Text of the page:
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The Bluegrass State is famous for its college basketball, horse racing, and bourbon. That said, its unique location between the Midwest and the Deep South leads to some unique homeowners insurance risks to consider.
Kentucky is in the middle when it comes to average home insurance premiums. According to the most recent available data from the Insurance Information Institute, in 2014, the average cost of homeowners insurance in the state of Kentucky was $1,023, slightly lower than the national average of $1,132. 27 states have lower average home insurance rates than Kentucky.
|Kentucky Annual Average||$916||$981||$1,023|
|Kentucky Price Per Month||$76||$82||$85|
|US Annual Average||$1,034||$1,096||$1,132|
|US Cost Per Month||$86||$91||$94|
Choosing a homeowners insurance company in Kentucky should be easier. Actually, it’s already easy; you could just go with whichever company your mortgage lender recommends, but you probably won’t get the best rates that way. The key to finding the best rates is to get a homeowners insurance quotes comparison in Kentucky from multiple companies.
Last year, these were the 10 most common home insurance companies reported by QuoteWizard users living in the state of Kentucky. Out of the 12,058 Kentucky homeowners that used QuoteWizard to request insurance quotes last year, 832 had no home insurance.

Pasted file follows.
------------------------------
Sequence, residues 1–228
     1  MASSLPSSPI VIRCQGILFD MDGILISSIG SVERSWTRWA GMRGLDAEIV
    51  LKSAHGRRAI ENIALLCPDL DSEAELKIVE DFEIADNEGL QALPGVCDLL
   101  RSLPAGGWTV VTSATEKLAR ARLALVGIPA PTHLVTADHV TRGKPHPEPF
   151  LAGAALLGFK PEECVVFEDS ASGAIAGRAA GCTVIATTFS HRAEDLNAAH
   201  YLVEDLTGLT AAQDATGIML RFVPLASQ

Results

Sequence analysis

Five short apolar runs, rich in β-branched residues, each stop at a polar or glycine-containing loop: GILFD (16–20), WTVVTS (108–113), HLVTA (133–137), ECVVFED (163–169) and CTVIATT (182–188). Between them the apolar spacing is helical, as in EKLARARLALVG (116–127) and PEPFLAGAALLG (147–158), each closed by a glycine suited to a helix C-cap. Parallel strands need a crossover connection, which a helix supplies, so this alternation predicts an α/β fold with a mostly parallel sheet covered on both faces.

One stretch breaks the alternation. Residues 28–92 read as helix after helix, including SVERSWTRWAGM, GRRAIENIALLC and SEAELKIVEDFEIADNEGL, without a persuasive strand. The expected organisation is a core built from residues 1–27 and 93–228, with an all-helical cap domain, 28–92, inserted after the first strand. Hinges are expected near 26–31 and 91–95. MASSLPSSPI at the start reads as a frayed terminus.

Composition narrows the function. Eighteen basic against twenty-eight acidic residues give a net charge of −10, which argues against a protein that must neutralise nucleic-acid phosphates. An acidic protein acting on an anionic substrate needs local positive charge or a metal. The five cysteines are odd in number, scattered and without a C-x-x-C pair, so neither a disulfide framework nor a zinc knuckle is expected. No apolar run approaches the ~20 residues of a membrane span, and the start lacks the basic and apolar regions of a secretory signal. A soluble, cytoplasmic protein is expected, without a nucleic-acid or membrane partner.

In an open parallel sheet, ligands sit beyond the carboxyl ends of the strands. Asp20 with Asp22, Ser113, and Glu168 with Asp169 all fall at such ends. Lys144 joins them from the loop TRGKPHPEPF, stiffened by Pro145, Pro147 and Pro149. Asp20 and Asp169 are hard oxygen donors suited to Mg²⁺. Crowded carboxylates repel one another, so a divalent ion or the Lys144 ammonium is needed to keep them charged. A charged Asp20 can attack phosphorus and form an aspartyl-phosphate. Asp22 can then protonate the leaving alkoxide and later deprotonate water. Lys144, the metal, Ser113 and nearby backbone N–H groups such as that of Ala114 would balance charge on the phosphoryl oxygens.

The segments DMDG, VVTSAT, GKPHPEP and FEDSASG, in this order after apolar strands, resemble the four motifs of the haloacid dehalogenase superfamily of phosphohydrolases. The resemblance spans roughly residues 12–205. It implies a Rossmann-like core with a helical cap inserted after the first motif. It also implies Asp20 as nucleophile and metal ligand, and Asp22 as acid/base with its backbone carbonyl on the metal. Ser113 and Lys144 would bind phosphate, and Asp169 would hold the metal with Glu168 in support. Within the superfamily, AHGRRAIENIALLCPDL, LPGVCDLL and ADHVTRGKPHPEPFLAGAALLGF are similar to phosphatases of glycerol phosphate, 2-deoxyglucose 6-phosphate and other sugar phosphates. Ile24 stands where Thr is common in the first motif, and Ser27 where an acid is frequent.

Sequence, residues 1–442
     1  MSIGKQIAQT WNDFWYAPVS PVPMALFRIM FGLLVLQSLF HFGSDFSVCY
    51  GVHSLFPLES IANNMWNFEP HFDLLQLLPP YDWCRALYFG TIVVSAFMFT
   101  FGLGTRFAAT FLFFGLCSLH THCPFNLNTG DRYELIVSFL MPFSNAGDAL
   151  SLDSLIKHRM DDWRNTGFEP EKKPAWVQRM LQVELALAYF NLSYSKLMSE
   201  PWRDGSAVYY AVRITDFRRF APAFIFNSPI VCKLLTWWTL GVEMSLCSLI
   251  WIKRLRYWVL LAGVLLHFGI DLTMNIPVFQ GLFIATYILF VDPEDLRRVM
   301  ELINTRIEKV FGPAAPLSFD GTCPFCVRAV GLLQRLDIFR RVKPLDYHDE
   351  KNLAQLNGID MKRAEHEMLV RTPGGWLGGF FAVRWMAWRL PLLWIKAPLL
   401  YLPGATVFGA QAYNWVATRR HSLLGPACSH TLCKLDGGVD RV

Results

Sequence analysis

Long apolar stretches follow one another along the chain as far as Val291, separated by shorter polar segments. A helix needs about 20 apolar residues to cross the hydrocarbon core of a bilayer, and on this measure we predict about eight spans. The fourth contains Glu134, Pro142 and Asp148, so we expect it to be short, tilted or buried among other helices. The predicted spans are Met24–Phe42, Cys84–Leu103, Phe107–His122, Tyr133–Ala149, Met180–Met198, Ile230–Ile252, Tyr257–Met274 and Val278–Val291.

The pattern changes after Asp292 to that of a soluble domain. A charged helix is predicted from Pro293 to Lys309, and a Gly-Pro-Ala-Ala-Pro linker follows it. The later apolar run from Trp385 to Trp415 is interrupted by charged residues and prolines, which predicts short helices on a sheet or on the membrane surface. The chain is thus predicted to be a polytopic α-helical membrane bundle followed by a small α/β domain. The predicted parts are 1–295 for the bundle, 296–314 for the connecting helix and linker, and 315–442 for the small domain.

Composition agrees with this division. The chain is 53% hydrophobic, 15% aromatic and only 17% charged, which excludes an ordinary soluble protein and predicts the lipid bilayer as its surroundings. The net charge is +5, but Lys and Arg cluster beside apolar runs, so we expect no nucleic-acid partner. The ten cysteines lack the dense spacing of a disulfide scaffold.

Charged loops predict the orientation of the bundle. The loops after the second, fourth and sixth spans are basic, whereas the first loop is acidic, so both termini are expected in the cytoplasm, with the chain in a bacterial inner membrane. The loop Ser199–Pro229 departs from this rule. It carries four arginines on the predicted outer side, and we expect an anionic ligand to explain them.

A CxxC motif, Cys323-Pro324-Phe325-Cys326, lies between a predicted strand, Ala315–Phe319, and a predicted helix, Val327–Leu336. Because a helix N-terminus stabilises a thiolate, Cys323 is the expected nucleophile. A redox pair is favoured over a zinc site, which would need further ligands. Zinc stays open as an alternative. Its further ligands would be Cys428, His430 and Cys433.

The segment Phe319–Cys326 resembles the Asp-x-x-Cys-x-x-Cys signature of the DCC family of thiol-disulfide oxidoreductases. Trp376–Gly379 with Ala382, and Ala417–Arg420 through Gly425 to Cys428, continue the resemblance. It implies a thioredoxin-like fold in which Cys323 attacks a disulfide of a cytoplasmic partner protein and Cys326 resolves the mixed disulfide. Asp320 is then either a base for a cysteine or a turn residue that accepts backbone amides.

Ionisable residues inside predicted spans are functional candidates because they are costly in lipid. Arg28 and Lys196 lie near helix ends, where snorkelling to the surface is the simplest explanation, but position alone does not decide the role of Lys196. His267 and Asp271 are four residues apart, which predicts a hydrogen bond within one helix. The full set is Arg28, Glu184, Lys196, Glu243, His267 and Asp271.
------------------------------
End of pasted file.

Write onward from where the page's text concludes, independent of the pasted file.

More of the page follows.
Why contact every individual company in Kentucky that you want a homeowners quote from when you can just answer a few questions about your home and desired coverage, and get competing quotes from agents? Save time and money with QuoteWizard.
|Rank||Company||Direct Premiums Written (in thousands)||Market Share|
|1||Kentucky Farm Bureau Mutual Insurance||$230,318||22.6%|
|4||USAA Insurance Group||$38,979||3.8%|
|5||State Auto Insurance Companies||$31,111||3.1%|
|6||Auto-Owners Insurance Co.||$28,772/td>||2.8%|
|7||Travelers Companies Inc.||$27,791||2.7%|
|8||Nationwide Mutual Group||$26,992||2.7%|
|9||Cincinnati Financial Corp.||$24,669||2.4%|
Source: A.M. Best (Ratings as of 8/24/2015)
|Rank||Company||Direct Premiums Written (in thousands)||Market Share|
|1||Kentucky Farm Bureau Group||$901,261||14.0%|
|4||Travelers Companies Inc.||$221,150||3.4|
|7||Nationwide Mutual Insurance Co.||$160,922||2.5%|
|8||United Service Automobile Assurance Co.||$151,783||2.4%|
|9||Cincinnati Financial Group||$150,088||2.3%|
|*Represents both home and auto insurance|
Many different factors come into play when insurance companies calculate the cost of homeowners insurance. Some, like the age of your home, are within your control. Others, like crime rates or natural disasters, are beyond your control. Here are some of the factors that affect the cost of homeowners insurance in Kentucky.
Home prices can greatly affect the cost of insurance in any given state. A higher average home price usually means higher premiums in that state. For Kentucky, the average listing price is $195,540 as of July 2015, substantially lower than the national average of $284,748.
Burglary is a serious and sometimes violent property crime. States with higher average burglary rates generally have higher average home insurance premiums, because the likelihood that someone will need to file a claim is higher. According to data from the FBI Uniform Crime Report, in 2013, Kentucky’s average burglary rate was 596.4 per 100,000 people, which is only slightly lower than the national average of 610.0 per 100,000.